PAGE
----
Silverwolf’s Den: Ghosted Volume 1: Haunted Heist

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Anyone who knows me fairly well knows I love ghost stories. There’s something about creepy tales and beings from beyond the grave that’s always held my imagination since a young age. Sadly, however, I feel like a lot of modern supernatural comics devolve into gore for gore’s sake or fall back on other tired tropes. That’s why I was so excited to find Ghosted, a series about a master thief tasked with stealing a ghost. What makes this independent comic so great? Read on to find out!

Ghosted follows a man named Jackson T. Winters, once one of the greatest thieves and con-men on the planet, now reduced to a bored, depressed prisoner who spends each day ticking off time until his inevitable end. One day, Jackson’s life changes forever when a mysterious stranger breaks him out of prison and brings him before her boss who offers Jackson a deal: steal a ghost from a nearby haunted house and, in exchange, be provided with a massive amount of money and ownership of a private tropical island. While initially skeptical, Jackson takes the job and assembles a crack team of specialists for this uncanny caper. But when the pasts dark secrets rear their ugly head, do any of these masters of the criminal arts have a prayer at surviving the forces of the occult?

GHOSTED #1

Ghosted is the sort of comic that draws you right in from page one and keeps your interest with each turn of the page. This masterful storytelling quality is equal parts writing and artwork, which is the mark of a well-crafted comic. Joshua Williamson developed a clever concept for this title and makes sure to use it to the fullest extent possible. Every time I thought I could predict the next scene in the story, something happened that surprised me and fit perfectly in the world of Ghosted. The cast of characters is especially interesting, particularly convict magician Robby Trick who has now joined my list of favorite comic book characters. The interaction between the diverse cast is great, with enough pathos to give you a comic that makes you think, but enough humor to avoid the doom-and-gloom attitude that too often pervades horror comics.

As I mentioned previously, Ghosted’s artwork strengthens the story just as much as Williamson’s writing. Goran Sudzuka holds pencilling duties for this volume and does masterful work drawing the seedy and creepy scenes that transpire. I’d seen Sudzuka’s work previously in Y: The Last Man and loved it then, but if anything his work has grown even stronger in the intervening years. I especially love the sketchy, almost hollow appearance of the mansion’s ghosts. Miroslav Mrva, the colorist for Ghosted, deserves great praise too. Mrva’s use of occasional bright tones, especially reds, to contrast with the earth tones of the manor are absolutely gorgeous. I really can’t complain whatsoever about the artwork.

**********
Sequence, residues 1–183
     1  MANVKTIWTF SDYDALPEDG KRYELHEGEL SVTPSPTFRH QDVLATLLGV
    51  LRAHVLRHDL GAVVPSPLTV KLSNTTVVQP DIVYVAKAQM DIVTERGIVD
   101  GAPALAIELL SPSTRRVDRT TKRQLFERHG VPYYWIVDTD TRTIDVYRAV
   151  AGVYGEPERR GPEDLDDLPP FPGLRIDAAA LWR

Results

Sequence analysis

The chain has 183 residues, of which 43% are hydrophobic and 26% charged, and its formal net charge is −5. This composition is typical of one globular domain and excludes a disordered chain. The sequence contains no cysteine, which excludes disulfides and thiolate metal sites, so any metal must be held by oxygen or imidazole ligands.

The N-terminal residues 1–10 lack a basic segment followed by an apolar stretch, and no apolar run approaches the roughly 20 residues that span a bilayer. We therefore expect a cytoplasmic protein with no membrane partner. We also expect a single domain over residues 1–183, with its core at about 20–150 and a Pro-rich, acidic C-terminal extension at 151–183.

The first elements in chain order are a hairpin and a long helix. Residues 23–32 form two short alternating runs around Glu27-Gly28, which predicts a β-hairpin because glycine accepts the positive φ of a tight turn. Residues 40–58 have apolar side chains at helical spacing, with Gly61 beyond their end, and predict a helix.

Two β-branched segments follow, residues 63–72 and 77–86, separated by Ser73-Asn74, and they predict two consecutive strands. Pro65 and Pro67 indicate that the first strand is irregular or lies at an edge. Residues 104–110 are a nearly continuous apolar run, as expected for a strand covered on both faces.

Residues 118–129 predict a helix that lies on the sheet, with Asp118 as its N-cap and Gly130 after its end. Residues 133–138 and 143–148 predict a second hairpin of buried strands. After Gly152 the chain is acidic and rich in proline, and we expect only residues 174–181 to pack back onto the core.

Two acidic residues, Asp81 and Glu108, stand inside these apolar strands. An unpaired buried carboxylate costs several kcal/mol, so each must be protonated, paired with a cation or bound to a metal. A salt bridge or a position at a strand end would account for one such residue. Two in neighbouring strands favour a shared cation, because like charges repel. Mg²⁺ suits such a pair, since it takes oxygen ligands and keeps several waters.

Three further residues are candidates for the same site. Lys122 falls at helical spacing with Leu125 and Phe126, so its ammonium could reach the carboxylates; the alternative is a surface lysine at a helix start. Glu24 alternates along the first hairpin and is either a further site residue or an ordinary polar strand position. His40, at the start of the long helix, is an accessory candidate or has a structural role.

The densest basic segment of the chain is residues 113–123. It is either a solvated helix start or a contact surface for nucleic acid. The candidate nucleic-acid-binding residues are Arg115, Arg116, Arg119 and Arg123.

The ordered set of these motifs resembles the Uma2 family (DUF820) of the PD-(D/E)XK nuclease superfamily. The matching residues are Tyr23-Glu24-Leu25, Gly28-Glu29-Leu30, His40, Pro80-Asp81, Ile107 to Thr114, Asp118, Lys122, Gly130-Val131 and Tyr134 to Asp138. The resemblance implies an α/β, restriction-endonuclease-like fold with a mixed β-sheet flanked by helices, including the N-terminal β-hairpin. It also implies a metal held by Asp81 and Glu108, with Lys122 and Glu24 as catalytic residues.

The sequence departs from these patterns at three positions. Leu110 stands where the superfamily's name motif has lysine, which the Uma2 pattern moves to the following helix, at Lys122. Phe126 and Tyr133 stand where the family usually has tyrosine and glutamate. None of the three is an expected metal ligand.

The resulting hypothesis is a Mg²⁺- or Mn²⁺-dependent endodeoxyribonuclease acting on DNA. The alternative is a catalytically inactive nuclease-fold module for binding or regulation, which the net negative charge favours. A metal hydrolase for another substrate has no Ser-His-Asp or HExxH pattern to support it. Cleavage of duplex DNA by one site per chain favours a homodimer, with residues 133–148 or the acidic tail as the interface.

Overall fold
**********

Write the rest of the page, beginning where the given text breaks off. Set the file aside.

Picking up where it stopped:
Ghosted #2

Though Ghosted is very near perfect, there are a few minor shortcomings. One is the background given to Anderson Lake; it’s explained rather rapidly, but still it’s an all-too-common back story for female characters and I feel has been done to death (no pun intended). Furthermore, I felt the build-up to the final act was great, but the first half of the final issue felt rushed. It’s likely this was because Williamson’s initial pitch was only approved for five issues, and thus it’s hard to fault him for having to hasten the story a little bit to guarantee a completed arc.

Overall, I loved Ghosted Volume 1: Haunted Heist. It’s one of the more interesting concepts for a comic I’ve ever heard of, and it’s execution is elegant. I highly recommend this comic to anyone who’s a fan of ghost stories, heist stories, or if you’re just in the mood for something a little different. I’m glad to hear Ghosted has been approved as an ongoing, and look forward to the upcoming installments of the story. Seriously, you cannot go wrong with this comic.

Pros:

-great concept for a story with great execution

-amazing artwork

-intriguing cast of characters

-great dialogue

Cons:

-Anderson Lake’s back story is an overused trope

-final issue’s opening feels rushed

Rating: 5/5

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Brett Simon is a twenty-four year old comic enthusiast. He’s off to go ghost hunting in an abandoned mansion.

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Silverwolf

Moar Powah's very own Clark Kent.

One Comment:

  1. Pingback: Ghosted Volume 2: Books of the Dead Review | Moar Powah!

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